The PT Picture for Devonport
In light of the imminent cut to the Stanley Bay Ferry and the question in the air over whether we stick with the 807/806 buses or include AT Local, this post is looking at elements of our PT picture for the Devonport Peninsula.
Auckland is growing at an exponential rate. It’s a city of 1.7mill and stretches from Wellsford to Pukekohe. If there are two cars on average per household, that’s a massive demand being placed upon our roads. The Auckland Harbour Bridge is the most travelled route in NZ with 171,000 vehicles taken on it daily, and 30,000 public transport trips. Current and future growth is already placing a strain on the crossing and so a business case has been developed by Waka Kotahi to create a more resilient transport network. This will eventually include a new rapid transit connection from the CBD to the North Shore that supplements and integrates with an upgraded Northern Busway and PT network.
You may wonder why a rapid transit connection rather than a new bridge for cars? I think in this case it’s a bit more than simply responding to the climate crises. Ultimately we’re a city that lacks good public transport. Until we adequately invest in this area, we will never see behaviour change. We’ve already learned that building more roads just leads to an increase in single occupancy vehicles, and that this infrastructure and transport model is not sustainable. A city such as Perth is smaller than Auckland and yet PT use is higher. Why? Because in Perth, they built the network, they prioritized it. We need to accept that this is the future for Auckland’s transport investment. We’re a growing city and we simply can’t accommodate that many more cars on the road.
This is why I have been really disappointed with the cuts to the PT system on the Peninsula and I know many others have too. It’s important though, to understand why these cuts are being made and what some of the solutions and improvements may be.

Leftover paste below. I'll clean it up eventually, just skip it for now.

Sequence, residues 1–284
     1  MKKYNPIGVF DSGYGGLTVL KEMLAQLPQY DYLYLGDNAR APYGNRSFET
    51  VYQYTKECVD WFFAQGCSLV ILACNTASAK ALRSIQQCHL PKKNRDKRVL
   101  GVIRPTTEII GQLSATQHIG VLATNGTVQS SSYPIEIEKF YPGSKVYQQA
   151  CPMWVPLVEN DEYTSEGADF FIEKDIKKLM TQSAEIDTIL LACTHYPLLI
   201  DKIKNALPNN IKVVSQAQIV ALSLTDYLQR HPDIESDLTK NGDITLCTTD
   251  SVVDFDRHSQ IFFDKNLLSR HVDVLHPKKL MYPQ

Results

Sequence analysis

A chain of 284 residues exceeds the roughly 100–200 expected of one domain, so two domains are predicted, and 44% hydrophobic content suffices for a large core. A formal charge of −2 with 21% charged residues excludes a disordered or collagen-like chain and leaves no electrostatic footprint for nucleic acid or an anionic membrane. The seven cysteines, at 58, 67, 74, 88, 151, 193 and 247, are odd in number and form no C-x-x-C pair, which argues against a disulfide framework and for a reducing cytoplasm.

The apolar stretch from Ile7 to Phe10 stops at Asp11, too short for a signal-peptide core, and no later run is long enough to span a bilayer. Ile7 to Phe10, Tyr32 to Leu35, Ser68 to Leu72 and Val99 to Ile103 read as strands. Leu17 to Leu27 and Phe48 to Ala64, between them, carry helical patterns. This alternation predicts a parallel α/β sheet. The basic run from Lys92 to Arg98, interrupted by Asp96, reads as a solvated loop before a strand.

Let’s start with the Stanley Bay Ferry, which, from early next year, will no longer run. The decision to suspend this service was influenced by the following points:
On the bright side, $150,000 of the $ saved from this service is going into improving the 806/807 bus service which will better connect people in Stanley Bay and Cheltenham to the Devonport Ferry Terminal.
In my opinion the AT Local got some bad political press when it first launched. Some LB Members from the previous term considered it was an elitist taxi service for the well-heeled Devonport. However, the intention for the pilot was to see if an on-demand ride share service could successfully reduce the number of cars on the road. If yes, then ideally it would be rolled out in other areas. Influencers should have reserved their judgement until the end of the trail to give it the best conditions to roll out.
Devonport was an ideal location to test its success, because of the user dependency on the Lake Road corridor, the key Ferry destinations that commuters were wanting to be connected to, and the 3km radius that captured a large number of dwellings.
The other complaint I often heard about the Local service was the concern about its level of subsidy. Obviously as it began, the subsidy was higher, because it takes time for people to try new things out. Now, though, its daily trips surpass their target and the subsidy is $9.75 per ride vs $9.28 for a bus ride.
It’s worth too, looking at AT’s measurements of success.
I personally love the convenience of the AT Local, and given its reliability, ease of use, and comfort many locals have taken to making it their PT option of choice. My neighbour, in fact, uses it every morning and every night, connecting him to the ferry and back again. Like our family of 5, his family of 4 only have one car. When PT is that good, you don’t need another. I will be waiting with great anticipation on whether or not we get to retain this innovative, electrically-charged PT solution.
Elected member of the Devonport-Takapuna Local Board for the 2019-2022 Election Term.